Reed put up elite numbers for the tight end position, and in early May, the team paid Reed like an elite tight end. He signed a five-year, $46.5 million extension that will run through 2021, numbers that place Reed with the third-highest annual salary in the NFL.
His Redskins teammates noticed. It's common practice around the NFL for players to congratulate a new contract, and then promptly go into razz mode. It's part of the deal with getting a large contract extension, and Reed was no exception.
Asked if he had heard about his new contract during the Redskins OTA sessions this week, Reed smiled and confessed (full video above).
"I fell down yesterday and they were talking junk, ‘We ain't pay you 50 to fall down’ and things like that," Reed said on Wednesday. "They all over me man but it’s all fun."
The "50" in reference would be $50 million, so looks like the Redskins players are rounding up on Reed's deal. Plus, saying 50 is a lot easier than 46.5. More importantly, Reed knows the extra attention is meant in a fun way, and as other players have been asked about Reed's deal, all say the young tight end deserves it all.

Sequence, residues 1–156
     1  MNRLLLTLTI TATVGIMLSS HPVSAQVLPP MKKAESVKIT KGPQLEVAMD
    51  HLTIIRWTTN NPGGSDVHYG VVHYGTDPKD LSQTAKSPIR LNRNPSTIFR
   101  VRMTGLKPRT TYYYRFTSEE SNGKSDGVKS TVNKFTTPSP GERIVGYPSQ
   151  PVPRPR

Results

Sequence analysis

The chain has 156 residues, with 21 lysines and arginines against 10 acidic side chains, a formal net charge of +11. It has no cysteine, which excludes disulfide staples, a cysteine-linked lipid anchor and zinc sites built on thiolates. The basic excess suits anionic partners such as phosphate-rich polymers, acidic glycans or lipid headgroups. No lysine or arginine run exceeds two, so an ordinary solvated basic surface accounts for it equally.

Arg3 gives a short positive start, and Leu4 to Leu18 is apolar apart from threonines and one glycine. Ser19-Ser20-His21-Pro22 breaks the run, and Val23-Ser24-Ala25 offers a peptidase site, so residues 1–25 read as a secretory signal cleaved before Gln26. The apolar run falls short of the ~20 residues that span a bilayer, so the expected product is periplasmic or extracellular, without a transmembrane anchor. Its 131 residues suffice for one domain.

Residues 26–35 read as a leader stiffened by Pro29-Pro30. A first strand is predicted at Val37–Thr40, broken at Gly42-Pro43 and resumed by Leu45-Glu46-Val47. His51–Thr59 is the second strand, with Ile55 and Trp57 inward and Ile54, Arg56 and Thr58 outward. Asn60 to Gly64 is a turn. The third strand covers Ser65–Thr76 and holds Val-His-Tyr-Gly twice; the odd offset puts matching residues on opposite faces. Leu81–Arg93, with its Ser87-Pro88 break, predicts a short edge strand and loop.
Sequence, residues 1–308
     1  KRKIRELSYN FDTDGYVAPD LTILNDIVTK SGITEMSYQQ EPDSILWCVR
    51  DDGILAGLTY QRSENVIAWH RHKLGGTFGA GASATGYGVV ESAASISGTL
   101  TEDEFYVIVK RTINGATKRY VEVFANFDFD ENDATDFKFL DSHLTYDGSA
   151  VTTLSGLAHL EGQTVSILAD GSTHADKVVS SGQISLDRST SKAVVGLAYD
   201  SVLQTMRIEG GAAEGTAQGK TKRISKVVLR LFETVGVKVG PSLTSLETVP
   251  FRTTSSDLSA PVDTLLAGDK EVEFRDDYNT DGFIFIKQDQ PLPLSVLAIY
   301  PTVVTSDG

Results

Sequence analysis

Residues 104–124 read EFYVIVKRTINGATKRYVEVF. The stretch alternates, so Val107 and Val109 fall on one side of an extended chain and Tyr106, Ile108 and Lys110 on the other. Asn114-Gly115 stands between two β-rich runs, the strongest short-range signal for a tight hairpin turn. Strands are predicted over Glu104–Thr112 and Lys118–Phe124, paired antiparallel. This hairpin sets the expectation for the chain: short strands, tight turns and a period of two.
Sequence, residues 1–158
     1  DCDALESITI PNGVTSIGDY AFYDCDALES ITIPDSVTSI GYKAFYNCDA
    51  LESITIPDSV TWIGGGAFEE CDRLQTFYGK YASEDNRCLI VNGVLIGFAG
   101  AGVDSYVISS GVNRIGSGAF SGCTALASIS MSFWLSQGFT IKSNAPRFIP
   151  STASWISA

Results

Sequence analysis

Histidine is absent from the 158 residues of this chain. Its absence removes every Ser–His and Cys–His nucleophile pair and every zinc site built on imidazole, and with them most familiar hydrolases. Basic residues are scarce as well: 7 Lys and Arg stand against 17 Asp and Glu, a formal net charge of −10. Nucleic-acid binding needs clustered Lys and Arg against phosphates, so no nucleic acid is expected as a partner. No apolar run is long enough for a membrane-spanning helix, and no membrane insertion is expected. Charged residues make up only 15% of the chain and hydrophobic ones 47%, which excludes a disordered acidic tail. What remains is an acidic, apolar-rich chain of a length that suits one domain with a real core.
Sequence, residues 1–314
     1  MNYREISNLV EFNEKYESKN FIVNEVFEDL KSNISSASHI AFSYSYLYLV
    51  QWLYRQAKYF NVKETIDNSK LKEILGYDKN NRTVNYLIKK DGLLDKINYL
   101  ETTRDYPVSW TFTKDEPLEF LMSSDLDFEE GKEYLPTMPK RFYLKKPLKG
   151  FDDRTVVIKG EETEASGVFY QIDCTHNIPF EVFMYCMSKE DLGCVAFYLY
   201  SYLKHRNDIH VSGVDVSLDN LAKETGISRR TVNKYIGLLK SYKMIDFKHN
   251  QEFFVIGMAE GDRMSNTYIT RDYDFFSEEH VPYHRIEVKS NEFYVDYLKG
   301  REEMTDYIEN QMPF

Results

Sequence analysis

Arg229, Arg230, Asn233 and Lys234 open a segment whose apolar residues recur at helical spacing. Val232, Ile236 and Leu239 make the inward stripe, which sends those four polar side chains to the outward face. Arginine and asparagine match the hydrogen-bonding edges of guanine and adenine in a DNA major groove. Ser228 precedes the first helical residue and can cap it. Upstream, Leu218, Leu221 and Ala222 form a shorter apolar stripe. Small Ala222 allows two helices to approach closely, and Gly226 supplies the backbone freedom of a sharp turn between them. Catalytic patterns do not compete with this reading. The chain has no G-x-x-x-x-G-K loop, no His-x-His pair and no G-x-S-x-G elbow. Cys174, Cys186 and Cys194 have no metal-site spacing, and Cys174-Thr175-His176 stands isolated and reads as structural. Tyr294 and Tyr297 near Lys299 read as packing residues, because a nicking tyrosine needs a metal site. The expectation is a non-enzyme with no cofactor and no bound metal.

"With Jordan Reed, you know he was so talented last year I mean how do you build on a season where you were as successful as he was?" Cousins said. "We would love to be able to develop sustained success where it is not just a one year flash in the pan and I think that is the challenge and message not just to Jordan but a lot of people."
Cousins' statement echoed the voices of many at Redskins Park. This team wants to prove that the success of 2015 was not a fluke, from GM Scot McCloughan and head coach Jay Gruden all the way down to the bottom of the roster.
And Reed is no different. On Wednesday Reed went deep on a wheel route, at least 30 or 40 yards downfield, and Cousins threw to him. The ball was slightly out of reach, yet Reed still fully extended and dove for the ball. In May. In OTAs.
"I can’t help it," Reed said when asked if the coaches and front office would want their new highly compensated tight end laying out for a ball in the offseason.
"I see the ball in the air and my instincts take over," he said. "I'm gonna go hard in practice."
Certainly Reed's size and skill were key to his new contract, but that attitude played a large role as well.